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C.o. Baptista Films v. Cummins





APPEAL from the Circuit Court of Cook County; the Hon. HARRY M. FISHER, Judge, presiding.


This case is here on direct appeal to review a decision of the circuit court of Cook County, which, in an administrative review proceeding, held the plaintiff corporation, C.O. Baptista Films, was not a corporation organized and operated exclusively for religious or educational purposes without private beneficial inurement, and hence not entitled to an exemption under section 221 of the Unemployment Compensation Act. Ill. Rev. Stat. 1953, chap. 48, par. 331.

The plaintiff claims (1) it was such a corporation, (2) a prior adjudication of nontaxability involving a predecessor corporation is res judicata, (3) another prior adjudication denying benefits under the act to employees of the present corporation is also res judicata, (4) the defendant is estopped by a prior withdrawal of assessments, and (5) claims for the tax year 1948 are barred by limitations.

The defendant contends (1) the plaintiff does not qualify for exemption under any of the three issues involved — organization, operation, or beneficial disposition of earnings, (2, 3) neither prior decision is res judicata, and (4, 5) estoppel and limitations are not valid defenses here.

The assessments, covering the years 1948 through 1952 and the first three quarters of 1953, totaled $10,688.49, and, with interest and penalties, resulted in a judgment against the plaintiff for $16,732.75.

In 1943, Scriptures Visualized Institute was organized as an Illinois not-for-profit corporation "to teach the Bible" by means of sound and silent films and other audio-visual aids and literature. About January 1, 1946, pursuant to an agreement between Scriptures Visualized Institute, C.O. Baptista and another corporation termed C.O. Baptista Films, all assets of Scriptures Visualized Institute and all assets of C.O. Baptista used by it, were transferred to C.O. Baptista Films, the plaintiff.

The new corporation's purposes and powers were substantially the same as those of Scriptures Visualized Institute, except that it was also to buy, sell and deal in "inventions" for recording and reproducing sound films and to consolidate the two former entities.

For the assets which he transferred (amounting to $101,755), Baptista received $300 monthly rental, plus extensive powers of management and control. These included the power to censor, cancel and revise all materials, to supervise all production, to control all expenditures, to hire and fire employees, to fix salaries, and to control all sales and transfers of real and personal property. His salary was fixed at $75 per week. The incorporators were Baptista himself, the head artist, and the bookkeeper, who were all full-time employees, sole directors, and president, vice-president and secretary, respectively.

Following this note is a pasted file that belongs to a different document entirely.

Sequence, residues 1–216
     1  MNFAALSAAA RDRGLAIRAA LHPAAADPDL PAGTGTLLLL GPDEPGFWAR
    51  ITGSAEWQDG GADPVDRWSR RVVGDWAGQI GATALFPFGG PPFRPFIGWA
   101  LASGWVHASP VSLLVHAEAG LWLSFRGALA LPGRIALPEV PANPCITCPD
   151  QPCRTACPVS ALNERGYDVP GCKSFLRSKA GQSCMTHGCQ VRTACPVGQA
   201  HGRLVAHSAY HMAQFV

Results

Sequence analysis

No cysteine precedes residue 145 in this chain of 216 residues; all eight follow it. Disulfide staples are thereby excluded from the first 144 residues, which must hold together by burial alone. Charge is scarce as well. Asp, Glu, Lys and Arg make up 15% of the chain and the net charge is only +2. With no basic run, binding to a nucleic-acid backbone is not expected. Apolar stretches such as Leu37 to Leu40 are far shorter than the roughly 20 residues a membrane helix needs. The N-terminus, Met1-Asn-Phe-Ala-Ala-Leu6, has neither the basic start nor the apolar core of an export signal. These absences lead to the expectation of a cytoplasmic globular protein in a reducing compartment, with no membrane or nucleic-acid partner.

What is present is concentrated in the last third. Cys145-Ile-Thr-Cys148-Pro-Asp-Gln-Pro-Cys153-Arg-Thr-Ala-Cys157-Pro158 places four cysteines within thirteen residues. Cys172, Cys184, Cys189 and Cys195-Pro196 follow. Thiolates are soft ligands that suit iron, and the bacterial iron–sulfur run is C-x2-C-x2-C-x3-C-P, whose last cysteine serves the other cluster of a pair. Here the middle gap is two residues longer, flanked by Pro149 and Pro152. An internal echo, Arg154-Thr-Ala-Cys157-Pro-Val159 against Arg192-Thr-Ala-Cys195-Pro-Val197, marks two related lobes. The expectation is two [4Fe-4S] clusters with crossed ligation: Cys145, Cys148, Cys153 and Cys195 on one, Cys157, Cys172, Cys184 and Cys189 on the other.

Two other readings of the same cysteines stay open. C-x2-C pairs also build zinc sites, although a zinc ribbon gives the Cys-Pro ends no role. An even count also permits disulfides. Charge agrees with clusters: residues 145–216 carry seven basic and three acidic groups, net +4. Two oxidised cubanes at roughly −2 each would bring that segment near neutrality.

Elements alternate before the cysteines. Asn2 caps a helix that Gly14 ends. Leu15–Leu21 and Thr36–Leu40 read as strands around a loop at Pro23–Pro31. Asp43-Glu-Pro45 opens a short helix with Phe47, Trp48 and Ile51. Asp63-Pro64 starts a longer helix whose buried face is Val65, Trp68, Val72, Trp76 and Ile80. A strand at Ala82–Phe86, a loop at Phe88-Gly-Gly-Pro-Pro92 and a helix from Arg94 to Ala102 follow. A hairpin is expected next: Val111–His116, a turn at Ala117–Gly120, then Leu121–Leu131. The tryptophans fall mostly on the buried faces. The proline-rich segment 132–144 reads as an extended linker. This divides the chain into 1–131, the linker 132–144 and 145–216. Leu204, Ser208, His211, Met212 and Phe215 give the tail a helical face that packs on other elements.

In 1948, the corporation began manufacturing and selling sound film projectors and marketed them and other items in competition with commercial producers and dealers. These items included tape recorders, microphones, motion picture screens, projection lamps, projection lenses, projector stands, amplifiers, tubes, duplicating films, extension cords, reels and cans. Its total income has been roughly as follows: from sales of equipment, 30 per cent; from sales of films, 25 per cent; from film rentals, 30 per cent; from other sources, 15 per cent. After the transfers in 1946, the corporation had net assets of $125,000, but by 1952 it net assets had increased to $540,000.

The plaintiff's materials are religious in nature, being related to Biblical stories and teachings, and its catalog recites aims and purposes of a strictly religious character. However, no director or officer is a minister of any religious group; and despite declarations of noncommercial purpose, the corporation's sales, rental and credit policies quite closely resemble those of an efficient commercial business, and many of its sales and distributions are in competition with commercial dealers.

There is nothing in the plaintiff's charter or by-laws which impresses its assets with a trust, or which requires that on dissolution distribution be made to an exclusively religious or educational organization. C.O. Baptista personally has unlimited authority over all sales and transfers of real and personal property of every description.

On these facts, we are governed by Scripture Press Foundation v. Annunzio, 414 Ill. 339, decided in 1953, in which the taxability of such an institution was considered at length. While the religious character of the materials handled is some evidence of religious operation, their marketing exclusively or chiefly to intermediaries such as church organizations or ministers does not permit of an exemption for a claimant which itself has no direct contact with any congregation, communicant or other ultimate religious recipient. Similarly, control of the claimant by private persons rather than by an ordained minister or a religious body is evidence of non-religious organizational structure. Finally, efficient businesslike operations, with aggressive advertising and pricing competitive with commercial rivals (as in the case of the equipment here), all based on a sound capital structure and resulting in profits not committed to any religious shareholder or beneficiary, are substantial evidence of non-religious operation.

In view of Baptista's complete control, we are unimpressed by a distinction based on small salaries here and large ...

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